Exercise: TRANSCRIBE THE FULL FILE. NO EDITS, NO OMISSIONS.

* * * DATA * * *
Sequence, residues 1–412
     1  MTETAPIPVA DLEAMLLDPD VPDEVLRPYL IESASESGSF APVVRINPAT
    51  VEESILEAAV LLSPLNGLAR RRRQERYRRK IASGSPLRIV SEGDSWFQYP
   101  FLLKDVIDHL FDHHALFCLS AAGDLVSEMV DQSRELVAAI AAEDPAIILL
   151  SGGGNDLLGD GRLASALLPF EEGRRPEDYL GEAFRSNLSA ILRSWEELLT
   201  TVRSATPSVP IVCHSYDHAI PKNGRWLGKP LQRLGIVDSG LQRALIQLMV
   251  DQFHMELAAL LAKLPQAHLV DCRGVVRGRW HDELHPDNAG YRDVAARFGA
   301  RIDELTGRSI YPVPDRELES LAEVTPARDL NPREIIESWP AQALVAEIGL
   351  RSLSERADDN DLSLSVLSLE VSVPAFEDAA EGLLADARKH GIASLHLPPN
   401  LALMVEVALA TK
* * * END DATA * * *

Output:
Sequence, residues 1–412
     1  MTETAPIPVA DLEAMLLDPD VPDEVLRPYL IESASESGSF APVVRINPAT
    51  VEESILEAAV LLSPLNGLAR RRRQERYRRK IASGSPLRIV SEGDSWFQYP
   101  FLLKDVIDHL FDHHALFCLS AAGDLVSEMV DQSRELVAAI AAEDPAIILL
   151  SGGGNDLLGD GRLASALLPF EEGRRPEDYL GEAFRSNLSA ILRSWEELLT
   201  TVRSATPSVP IVCHSYDHAI PKNGRWLGKP LQRLGIVDSG LQRALIQLMV
   251  DQFHMELAAL LAKLPQAHLV DCRGVVRGRW HDELHPDNAG YRDVAARFGA
   301  RIDELTGRSI YPVPDRELES LAEVTPARDL NPREIIESWP AQALVAEIGL
   351  RSLSERADDN DLSLSVLSLE VSVPAFEDAA EGLLADARKH GIASLHLPPN
   401  LALMVEVALA TK